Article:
07.30.18

Venturing out? Here’s how to find funding

Mark S. Long, Director of Incubation Services at the University of Florida

Mark S. Long is the director of incubation services at the University of Florida. In that position, he leads both UF Innovate business incubators, The Hub in Gainesville and Sid Martin Biotech in Alachua. Mark has a long history leading startups and growth companies into success – well, those that learned the magic words “cash flow,” anyway. In his spare time, Mark impersonates Elvis (quite well, actually), writes a blog for incubators and entrepreneurs, dotes on his dog Lucy, and writes the occasional book. Follow him on incubatorblogger.wordpress.com.

My mother used to tell me the magic words were “please” and “thank you.” But when you’re an entrepreneur, you learn the real magic words are “cash flow.” Period.

Many business publications tell us 8 of 10 entrepreneurs crash and burn within the first 12-18 months of starting their company, and most fail primarily due to becoming cash poor. Comprehending cash flow management, understanding where your cash has been spent, and knowing if spending that cash has moved you closer to market (or helped you better identify your market) are true keys to success.

But where does a company get money in the first place?

Many startup entrepreneurs feel they need to raise significant amounts of cash right from the start – especially from “venture capitalists.” This is what my mother used to call “bass ackwards” or what an entrepreneur should learn is “exactly wrong.”/p>

Typically, attempting to finance a new business with venture capitalists is a predictable path to failure. First, venture capital firms are usually large firms who invest large sums of money at the smallest possible risk. A typical venture firm will not invest $200,000 in a high-risk, early-stage startup.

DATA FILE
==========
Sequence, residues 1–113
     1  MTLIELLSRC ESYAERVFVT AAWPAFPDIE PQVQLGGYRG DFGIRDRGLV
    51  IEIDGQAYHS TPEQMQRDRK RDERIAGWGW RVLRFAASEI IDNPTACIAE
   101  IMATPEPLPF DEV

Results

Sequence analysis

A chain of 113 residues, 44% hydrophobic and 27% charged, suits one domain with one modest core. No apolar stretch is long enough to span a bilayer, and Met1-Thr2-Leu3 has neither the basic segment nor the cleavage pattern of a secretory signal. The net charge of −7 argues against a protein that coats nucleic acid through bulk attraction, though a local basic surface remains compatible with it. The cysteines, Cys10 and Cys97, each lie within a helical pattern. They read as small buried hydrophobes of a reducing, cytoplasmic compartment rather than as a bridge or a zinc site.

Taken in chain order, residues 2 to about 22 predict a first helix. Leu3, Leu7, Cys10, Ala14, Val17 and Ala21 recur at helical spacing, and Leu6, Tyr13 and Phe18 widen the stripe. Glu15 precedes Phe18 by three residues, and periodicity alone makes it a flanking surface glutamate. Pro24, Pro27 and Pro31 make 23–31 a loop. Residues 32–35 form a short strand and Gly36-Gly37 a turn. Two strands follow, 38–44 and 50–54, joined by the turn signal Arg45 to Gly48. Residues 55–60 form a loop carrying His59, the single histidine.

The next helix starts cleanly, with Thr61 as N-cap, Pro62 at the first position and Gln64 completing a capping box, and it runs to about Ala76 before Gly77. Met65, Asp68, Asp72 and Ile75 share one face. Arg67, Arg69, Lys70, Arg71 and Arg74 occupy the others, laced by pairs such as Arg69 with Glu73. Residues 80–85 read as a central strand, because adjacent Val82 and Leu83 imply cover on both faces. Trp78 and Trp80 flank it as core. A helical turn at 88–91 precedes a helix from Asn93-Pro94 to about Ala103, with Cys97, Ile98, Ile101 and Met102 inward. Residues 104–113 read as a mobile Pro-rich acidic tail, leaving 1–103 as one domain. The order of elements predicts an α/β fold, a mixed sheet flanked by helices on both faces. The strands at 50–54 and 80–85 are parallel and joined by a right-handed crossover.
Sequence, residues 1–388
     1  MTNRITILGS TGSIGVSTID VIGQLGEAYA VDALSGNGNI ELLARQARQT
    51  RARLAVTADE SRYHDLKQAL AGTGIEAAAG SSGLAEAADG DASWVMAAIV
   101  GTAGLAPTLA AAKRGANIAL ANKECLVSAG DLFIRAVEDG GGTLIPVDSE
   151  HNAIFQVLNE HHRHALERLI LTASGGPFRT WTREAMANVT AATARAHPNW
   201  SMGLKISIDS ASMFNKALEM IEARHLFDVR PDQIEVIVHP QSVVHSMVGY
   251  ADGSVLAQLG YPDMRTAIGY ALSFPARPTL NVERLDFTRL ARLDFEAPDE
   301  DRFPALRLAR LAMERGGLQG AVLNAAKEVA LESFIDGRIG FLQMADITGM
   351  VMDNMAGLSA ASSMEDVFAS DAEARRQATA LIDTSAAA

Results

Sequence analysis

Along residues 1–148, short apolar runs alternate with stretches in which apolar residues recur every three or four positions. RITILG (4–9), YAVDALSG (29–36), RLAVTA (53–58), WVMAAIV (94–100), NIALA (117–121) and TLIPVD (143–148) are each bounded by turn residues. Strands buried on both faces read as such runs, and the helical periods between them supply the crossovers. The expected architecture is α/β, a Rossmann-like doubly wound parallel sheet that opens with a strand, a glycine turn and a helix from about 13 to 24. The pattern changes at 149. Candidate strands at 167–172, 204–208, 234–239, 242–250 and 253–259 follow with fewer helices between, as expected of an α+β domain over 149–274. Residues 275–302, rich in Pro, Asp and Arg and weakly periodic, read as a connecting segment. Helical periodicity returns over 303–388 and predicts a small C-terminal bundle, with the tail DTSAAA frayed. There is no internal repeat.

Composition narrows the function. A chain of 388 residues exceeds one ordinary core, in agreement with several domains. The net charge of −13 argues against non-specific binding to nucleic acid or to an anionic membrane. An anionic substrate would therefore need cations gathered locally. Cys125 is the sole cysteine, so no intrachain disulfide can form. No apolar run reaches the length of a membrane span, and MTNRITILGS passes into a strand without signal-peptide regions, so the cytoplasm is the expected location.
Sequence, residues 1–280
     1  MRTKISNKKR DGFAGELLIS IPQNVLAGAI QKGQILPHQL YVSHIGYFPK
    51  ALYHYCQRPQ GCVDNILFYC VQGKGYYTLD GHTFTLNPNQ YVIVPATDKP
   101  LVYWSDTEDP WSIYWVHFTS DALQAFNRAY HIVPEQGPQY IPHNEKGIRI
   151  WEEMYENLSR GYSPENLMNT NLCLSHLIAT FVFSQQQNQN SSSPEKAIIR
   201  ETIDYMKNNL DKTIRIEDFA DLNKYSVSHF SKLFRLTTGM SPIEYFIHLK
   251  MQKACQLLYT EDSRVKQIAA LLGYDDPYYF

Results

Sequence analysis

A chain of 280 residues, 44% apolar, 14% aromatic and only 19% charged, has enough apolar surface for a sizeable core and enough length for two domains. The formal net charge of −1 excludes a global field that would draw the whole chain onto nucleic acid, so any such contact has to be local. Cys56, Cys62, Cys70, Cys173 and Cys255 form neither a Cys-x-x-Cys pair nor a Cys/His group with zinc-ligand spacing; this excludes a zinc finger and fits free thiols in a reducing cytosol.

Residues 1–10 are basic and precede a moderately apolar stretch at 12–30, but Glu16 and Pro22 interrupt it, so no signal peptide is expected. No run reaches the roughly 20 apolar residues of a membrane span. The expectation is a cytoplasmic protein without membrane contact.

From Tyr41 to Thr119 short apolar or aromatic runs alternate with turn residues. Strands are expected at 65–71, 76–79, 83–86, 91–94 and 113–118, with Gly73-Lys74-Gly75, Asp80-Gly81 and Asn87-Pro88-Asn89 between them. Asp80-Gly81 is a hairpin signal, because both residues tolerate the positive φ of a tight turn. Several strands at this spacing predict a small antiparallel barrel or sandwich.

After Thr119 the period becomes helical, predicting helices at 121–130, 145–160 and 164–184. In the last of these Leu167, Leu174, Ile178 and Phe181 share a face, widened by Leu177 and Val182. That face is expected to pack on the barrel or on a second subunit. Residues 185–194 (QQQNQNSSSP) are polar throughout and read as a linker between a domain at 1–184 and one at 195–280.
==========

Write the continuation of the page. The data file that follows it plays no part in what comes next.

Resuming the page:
In addition, the higher the risk profile, the larger the “piece” of the company the venture investors will want to take. Sometimes for a large investment, the venture firm will want control or majority ownership of the company.

This is not to suggest that all venture capital companies are bad or that their investments are not needed. Most venture investors provide a key role in company growth and development – although later in the life cycle of corporate growth.

Very early-stage startups should consider other sources of financing.

Of the many ways to finance a brand new venture, these are the most common:

  1. Roll your own: Be prepared to use your own funds and bootstrap your company. Many entrepreneurs get a second mortgage and/or line of credit; they use savings; they max out credit cards; they tap into retirement accounts. They find the money somehow. (I knew a founder who sold his car and biked to work for three years!)
    Funding yourself is the most reliable source of funds – after all, you believe in your new venture, right? Putting your own funds into the business is a sure sign of your belief in the startup you founded, and as you need more money, self-financing can encourage others that you are, indeed, committed to the success of your company. This will motivate others to invest, since you obviously believe enough in the concept to put your own money to work in it.
  2. Friends, Family and Fools: These three groups of people are often called the “3 F’s,” when friends, family and fools become a source of investment capital. It represents your friends – people who know you well and believe in you always; your family – people who are related by blood or legalities (or people who feel obligated to support you since you’re a relative); and fools – people who are silly enough to believe in you, regardless of their knowledge or affiliation with you and your company.